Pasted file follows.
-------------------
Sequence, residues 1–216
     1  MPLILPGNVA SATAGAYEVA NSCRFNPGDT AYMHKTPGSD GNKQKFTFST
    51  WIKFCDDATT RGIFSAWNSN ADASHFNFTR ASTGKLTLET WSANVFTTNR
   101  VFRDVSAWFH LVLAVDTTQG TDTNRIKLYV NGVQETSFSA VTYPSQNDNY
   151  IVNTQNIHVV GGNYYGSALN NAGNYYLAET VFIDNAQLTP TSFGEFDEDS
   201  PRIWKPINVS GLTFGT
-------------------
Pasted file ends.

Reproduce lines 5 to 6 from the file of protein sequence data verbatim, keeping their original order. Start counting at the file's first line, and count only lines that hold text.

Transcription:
   151  IVNTQNIHVV GGNYYGSALN NAGNYYLAET VFIDNAQLTP TSFGEFDEDS
   201  PRIWKPINVS GLTFGT